This approach will groom two very athletic and competitive goalies for the next two to three years, and as both will be mostly entry level contract players; will free up salary space to keep some veterans around.

As for defensemen, there are lots of questions for the Capitals. Most of the current blueliners are RFA or UFA status now, meaning the Capitals have some re-signing or free agent signing to do.

Milan Jurcina, Jeff Schultz, and Shaone Morrissonn are all possible departures. For Schultz and Morrisson, please do not let the locker room door hit your asses on the way out.

They've both been busts in Washington, and served little more than red jersey clad traffic cones. I honestly believe that Schultz and Morrissonn scored more "own-goals" than actual goals during their Washington careers.Β 

As for Jurcina, I think he still has maturing to do. He has the size and skating prowess to succeed. He just requires the will to hit guys, work the corner with more authority, and clean out the crease.

His shot is hard, but needs to become accurate. I think he has some potential and could be a cheap alternative to bringing up a prospect too quickly.

Now, who to keep, and who to trade? At this point, the Capitals have Alexander Ovechkin for the better part of his life. He should be a life-long Capital, enough said.

However, Alexander Semin and Nicklas Backstrom, the other two talented young forwards will both be due RFA raises after next year.

Restricted Free Agent status allows the Capitals first rights, draft pick compensation, and matching rights should a player receive an offer sheet from another team.

However, it also allows other clubs to set the market for the player, much like Edmonton and the Dustin Penner ordeal.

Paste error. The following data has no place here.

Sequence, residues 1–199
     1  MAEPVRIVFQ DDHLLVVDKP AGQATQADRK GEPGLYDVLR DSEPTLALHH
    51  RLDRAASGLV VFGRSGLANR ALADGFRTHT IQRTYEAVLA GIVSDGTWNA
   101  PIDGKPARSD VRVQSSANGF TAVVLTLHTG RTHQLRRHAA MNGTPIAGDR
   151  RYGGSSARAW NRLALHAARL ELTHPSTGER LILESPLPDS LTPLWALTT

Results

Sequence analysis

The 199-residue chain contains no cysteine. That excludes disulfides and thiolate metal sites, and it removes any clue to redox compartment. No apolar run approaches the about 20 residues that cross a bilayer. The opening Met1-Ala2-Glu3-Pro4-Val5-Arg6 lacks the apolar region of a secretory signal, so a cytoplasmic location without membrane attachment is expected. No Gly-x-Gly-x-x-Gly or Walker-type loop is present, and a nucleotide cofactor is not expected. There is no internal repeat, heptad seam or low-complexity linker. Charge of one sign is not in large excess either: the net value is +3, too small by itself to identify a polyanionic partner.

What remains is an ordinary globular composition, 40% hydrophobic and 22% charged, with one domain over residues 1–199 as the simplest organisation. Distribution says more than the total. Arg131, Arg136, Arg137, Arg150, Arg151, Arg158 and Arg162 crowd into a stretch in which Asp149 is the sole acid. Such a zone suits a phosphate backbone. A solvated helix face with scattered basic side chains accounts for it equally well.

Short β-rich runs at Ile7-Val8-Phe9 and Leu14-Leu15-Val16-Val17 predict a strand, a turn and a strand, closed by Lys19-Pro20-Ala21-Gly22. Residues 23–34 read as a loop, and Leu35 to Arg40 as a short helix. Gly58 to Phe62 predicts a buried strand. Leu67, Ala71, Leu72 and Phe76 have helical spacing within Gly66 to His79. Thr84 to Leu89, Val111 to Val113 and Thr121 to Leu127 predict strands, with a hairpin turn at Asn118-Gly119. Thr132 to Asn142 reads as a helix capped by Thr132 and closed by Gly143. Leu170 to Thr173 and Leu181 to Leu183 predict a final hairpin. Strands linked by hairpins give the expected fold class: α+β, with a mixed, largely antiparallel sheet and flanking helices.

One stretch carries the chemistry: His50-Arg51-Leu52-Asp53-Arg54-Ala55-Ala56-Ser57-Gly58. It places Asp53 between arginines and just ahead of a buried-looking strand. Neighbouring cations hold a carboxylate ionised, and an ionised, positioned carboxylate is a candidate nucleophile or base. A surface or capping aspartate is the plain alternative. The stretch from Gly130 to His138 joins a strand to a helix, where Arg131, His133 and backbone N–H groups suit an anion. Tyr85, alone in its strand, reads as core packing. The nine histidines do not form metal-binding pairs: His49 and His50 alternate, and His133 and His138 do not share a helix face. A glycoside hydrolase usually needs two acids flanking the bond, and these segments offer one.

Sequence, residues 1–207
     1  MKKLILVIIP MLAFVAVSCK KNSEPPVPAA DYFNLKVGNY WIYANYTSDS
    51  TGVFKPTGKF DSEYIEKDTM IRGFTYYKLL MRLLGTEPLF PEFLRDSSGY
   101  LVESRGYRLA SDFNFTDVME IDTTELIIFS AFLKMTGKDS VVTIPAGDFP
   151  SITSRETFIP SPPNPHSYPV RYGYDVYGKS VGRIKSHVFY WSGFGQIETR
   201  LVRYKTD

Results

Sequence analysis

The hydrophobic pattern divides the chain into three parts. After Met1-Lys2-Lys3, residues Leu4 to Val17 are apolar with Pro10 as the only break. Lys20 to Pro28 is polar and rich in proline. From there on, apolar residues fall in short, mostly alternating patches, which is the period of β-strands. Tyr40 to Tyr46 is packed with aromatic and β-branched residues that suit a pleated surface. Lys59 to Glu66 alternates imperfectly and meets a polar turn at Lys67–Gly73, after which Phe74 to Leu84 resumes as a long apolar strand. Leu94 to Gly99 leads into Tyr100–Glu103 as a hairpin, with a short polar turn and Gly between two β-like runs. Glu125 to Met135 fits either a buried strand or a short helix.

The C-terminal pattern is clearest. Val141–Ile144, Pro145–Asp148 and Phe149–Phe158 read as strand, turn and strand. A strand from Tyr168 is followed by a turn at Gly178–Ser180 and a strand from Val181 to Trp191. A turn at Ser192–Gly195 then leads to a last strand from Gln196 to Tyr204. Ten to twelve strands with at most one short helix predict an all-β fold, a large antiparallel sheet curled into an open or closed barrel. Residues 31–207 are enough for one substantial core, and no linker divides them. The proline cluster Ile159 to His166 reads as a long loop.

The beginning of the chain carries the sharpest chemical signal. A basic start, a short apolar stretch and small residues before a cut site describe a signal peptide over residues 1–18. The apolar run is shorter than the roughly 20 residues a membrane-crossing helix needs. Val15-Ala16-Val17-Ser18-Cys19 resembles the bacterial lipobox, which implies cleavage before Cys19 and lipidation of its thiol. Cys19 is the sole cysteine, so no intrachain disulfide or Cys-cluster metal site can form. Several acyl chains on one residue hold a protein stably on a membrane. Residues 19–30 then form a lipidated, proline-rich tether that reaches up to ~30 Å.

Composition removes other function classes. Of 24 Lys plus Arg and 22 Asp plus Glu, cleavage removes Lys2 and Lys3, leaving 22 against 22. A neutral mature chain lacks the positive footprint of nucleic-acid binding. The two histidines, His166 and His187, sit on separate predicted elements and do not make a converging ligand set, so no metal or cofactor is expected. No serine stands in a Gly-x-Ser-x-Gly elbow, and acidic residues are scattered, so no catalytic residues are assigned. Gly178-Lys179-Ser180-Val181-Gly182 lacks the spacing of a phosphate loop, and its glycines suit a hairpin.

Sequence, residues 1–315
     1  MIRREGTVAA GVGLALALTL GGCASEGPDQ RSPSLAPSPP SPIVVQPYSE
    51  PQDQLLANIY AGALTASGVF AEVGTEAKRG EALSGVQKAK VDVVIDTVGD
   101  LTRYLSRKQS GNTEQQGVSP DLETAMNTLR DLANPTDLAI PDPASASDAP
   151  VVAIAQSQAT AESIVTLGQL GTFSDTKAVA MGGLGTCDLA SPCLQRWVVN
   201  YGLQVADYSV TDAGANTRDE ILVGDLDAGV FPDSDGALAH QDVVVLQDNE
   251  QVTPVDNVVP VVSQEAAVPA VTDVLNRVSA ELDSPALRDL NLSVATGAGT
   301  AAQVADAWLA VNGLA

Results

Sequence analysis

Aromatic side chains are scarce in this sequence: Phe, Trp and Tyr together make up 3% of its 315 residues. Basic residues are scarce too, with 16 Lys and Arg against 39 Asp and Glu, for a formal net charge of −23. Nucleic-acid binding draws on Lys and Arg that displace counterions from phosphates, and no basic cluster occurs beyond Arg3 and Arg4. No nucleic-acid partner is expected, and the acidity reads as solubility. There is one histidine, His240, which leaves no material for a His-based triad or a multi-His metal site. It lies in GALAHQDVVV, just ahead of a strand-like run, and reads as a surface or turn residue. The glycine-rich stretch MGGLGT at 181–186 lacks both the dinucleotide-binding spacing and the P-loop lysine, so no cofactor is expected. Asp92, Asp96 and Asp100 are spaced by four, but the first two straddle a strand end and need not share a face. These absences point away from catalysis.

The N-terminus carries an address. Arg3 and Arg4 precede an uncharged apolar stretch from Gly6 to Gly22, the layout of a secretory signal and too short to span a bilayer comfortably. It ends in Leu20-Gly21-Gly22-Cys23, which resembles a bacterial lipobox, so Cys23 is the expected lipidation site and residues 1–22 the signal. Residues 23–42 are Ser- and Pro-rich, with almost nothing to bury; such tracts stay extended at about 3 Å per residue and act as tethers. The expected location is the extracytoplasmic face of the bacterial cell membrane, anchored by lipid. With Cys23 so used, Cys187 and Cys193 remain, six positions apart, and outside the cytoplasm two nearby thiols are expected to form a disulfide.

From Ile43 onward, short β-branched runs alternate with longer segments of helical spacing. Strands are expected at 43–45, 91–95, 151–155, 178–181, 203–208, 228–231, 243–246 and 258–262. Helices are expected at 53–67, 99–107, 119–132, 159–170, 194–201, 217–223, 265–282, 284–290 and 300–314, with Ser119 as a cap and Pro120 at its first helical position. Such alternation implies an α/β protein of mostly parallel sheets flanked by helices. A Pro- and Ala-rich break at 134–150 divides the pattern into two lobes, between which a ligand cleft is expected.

So George McPhee has a lot to consider in how much cash he decides to invest in the long-term. Both Backstrom and Semin would require a longer commitment, and a deep pocket.

I think both will consider that they are increasingly more marketable (and wealthy) because they have Alexander Ovechkin on their team. Though money drives men and who is to say that Semin (who has spurned the Caps before) won't bolt for a payday?

I certainly hope not as he (Semin) is seriously talented, and helps balance the Caps attack. Though Semin lacks some common sense (he takes dumb penalties), and he needs to toughen up.

With the eventual shedding of Fedorov's salary (if he is retained one more year), a buy-out or trade of Michael Nylander, the probable walking of Donald Brashear and Viktor Kozlov, and next year's shedding of Jose Theodore, that adds up to over $16 million in salary relief to keep both Backstrom and Semin.

Considering Semin already makes over $5 million per season, and with bonus Backstrom's cap hit is over $2 million; an investment of another $5 million-$7 million between those two would still leave $8 million or more per season to retain one of the young goalies, or sign a veteran blueliner.

The Capitals are only going to go up from here. For as disappointed as I was that the season ended on such a sour note, I know there is a lot to cheer about in the future.

The core is there, the fans are there, the ownership team is great, and the GM is patient and prudent. All signs point to the Capitals making the leap over the next few years.Β 

Have a great summer Caps fans, see you in just a few months.